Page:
The holidays are our greatest gift. Regardless of surface-level differences in how we celebrate this time of year, the one thing we all share is tradition. It doesn’t matter if you observe Christmas, Hanukkah, Kwanzaa, or nothing at all, every one of us have rituals we use to get us through the winter. It’s the coldest, darkest, most inhospitable time of the year, and that’s easier to get through when we’re closer to other people, both physically and psychologically. Tradition is survival. Tradition is human.
That is the true meaning of Christmas.
Or Santa Claus.
Or even Jesus.
Christmas represents universal tradition. A communal coping mechanism evolved on a species-wide level for the purpose of survival on both a physical and spiritual level. Over time, Christmas has been twisted to mean hundreds of different things. The truth is Christmas is what you make of it, and that’s what makes it the greatest holiday in the world.
While Christmas has endured in the pop-cultural landscape for far less time than the holiday itself, it has still been around long enough for millions of different traditions to develop. From Coca-Cola popularizing Santa Claus to Montgomery Ward’s creation of Rudolph, there are a seemingly infinite number of touchstones that we share as a culture. Movies, TV, music, food, smells, shapes, and symbols all seep into our head from a young age, giving us a complicated, tangled web of connections and bonds to this complicated and tangled time of year.
Oppositely, there are just as many individual traditions that we carry out on a much smaller scale. Whether it’s watching A Christmas Story with your family or making the same cookies every year with your roommates, there are both universal celebrations and personal ones. Among this delicate balancing act of traditions, vacations, gifts, and rushing around it’s important to slow down and have a personal escape during this hyper-communal time of year. For many people, one of the newest additions to this Personal Christmas Canon is Sufjan Stevens’ holiday music.
While you may recognize him from his contributions to 2017’s Call Me By Your Name, Sufjan has been creating soul-affirming and critically-acclaimed folk music for nearly two decades. Aside from landmark artistic creations like Illinois, Age of Adz, and Carrie & Lowell, Sufjan has also displayed his personal devotion to the holidays with a catalog of two multi-hour Christmas compilations.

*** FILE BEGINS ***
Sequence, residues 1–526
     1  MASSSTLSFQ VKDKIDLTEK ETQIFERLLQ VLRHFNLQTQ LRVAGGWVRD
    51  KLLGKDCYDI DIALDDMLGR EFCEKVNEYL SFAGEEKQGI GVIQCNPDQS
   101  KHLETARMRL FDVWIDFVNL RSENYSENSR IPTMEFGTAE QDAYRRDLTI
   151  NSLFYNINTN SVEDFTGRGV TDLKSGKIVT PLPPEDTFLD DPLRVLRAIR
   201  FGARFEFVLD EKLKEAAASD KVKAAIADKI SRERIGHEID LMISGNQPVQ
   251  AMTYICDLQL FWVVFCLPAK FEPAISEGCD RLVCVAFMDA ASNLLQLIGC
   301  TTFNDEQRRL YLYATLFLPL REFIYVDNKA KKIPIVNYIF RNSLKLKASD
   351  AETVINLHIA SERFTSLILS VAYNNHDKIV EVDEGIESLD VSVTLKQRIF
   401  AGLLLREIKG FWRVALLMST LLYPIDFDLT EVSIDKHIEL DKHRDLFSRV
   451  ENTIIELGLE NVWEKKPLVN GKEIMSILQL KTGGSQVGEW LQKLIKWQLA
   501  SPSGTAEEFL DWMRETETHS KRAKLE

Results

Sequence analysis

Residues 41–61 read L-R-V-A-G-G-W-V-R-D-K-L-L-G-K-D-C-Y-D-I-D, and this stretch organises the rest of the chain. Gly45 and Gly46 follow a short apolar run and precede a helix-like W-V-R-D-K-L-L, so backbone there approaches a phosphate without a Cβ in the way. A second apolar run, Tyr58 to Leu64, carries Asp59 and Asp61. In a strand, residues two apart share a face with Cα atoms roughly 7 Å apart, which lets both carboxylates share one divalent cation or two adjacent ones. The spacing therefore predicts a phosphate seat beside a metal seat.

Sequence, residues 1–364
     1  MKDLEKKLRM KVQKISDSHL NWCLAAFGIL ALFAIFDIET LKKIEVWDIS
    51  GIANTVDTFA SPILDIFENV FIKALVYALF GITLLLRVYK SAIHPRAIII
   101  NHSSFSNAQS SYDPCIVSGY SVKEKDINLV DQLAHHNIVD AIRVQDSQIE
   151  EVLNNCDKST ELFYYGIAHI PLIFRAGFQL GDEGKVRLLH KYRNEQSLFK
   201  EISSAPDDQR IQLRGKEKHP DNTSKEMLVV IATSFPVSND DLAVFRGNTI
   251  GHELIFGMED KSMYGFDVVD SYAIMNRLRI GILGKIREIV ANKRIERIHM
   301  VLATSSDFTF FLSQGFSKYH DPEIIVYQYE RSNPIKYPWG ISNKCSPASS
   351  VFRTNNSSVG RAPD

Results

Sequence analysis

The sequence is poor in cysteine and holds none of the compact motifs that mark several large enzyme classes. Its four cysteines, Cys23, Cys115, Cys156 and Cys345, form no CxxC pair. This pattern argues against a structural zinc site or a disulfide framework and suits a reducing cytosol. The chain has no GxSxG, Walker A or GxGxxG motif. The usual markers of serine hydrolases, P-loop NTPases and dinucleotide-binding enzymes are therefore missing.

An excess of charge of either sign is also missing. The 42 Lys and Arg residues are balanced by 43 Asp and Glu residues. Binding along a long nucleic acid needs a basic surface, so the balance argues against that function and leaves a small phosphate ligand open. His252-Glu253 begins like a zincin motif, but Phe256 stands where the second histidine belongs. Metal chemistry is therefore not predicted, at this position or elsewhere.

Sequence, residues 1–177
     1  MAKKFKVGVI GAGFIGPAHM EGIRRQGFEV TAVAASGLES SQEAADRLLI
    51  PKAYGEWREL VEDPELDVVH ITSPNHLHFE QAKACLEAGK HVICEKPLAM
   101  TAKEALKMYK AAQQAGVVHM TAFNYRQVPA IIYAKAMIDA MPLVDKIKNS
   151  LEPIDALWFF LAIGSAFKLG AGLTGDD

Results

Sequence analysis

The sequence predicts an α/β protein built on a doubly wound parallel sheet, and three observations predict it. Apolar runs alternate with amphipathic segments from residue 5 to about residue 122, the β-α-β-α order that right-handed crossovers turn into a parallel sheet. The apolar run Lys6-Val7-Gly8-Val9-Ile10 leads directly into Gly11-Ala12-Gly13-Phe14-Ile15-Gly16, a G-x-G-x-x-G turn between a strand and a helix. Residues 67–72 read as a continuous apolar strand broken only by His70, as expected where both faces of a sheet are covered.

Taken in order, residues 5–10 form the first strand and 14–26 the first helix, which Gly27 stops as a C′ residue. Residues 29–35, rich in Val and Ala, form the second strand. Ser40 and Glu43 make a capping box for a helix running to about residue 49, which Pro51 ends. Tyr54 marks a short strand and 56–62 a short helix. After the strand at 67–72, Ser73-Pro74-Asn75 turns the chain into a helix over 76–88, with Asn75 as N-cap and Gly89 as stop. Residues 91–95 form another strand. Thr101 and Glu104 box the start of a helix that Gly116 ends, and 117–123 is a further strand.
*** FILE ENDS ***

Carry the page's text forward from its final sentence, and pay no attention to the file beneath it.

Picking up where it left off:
Religion, Christianity, and family have been a constant throughline of Sufjan’s discography, so the Christmas holiday proved to be both a fascination for Sufjan as well as a synthesis of all these themes. Releasing one EP a year from 2001 to 2011, Sufjan has birthed to exactly 100 Christmas songs over the course of one decade. Some original, some covers, some standards, each entry is lovingly-crafted and amounts to more than 4.5 hours of Christmas spirit. These songs are collected on Songs For Christmas and Silver and Gold, two releases that have warmed the hearts of indie fans and Christmas lovers alike.
A Very Sufjan Christmas is a blog dedicated to every one of these songs. Much like we all celebrate the holiday season in our special way, every listener has a unique connection with Sufjan’s extensive body of Christmas-based work. As such, each post on this website will tackle one specific Sufjan Christmas song from a different writer’s perspective as we countdown the days till Christmas. Maybe they’ll talk about their experience with Sufjan, or their memories attached to that one song. Maybe they’ll just write about the music itself.
These songs are a window into the traditions and lives of the writer. There are few albums that have opened this many spiritual doors for this many people, and that’s why these songs must be celebrated. These are the soundtracks to Christmases past and the inner lives of music fans the world over.
You’ll quickly find that each song is a beautiful work worthy of its own celebration. Whether this is your first experience with Sufjan, or you are a long-time fan, we hope you find as much connection, warmth, and joy in these songs as we did when we first heard them. We hope you connect with these stories and that they allow you to reflect on your own traditions and those of your family. Most of all, we hope you enjoy the music and we wish you a very Sufjan Christmas this year.
Welcome to our Winter Wonderland.
Love, Kyle, Taylor, and the rest of the A Very Sufjan Christmas Staff.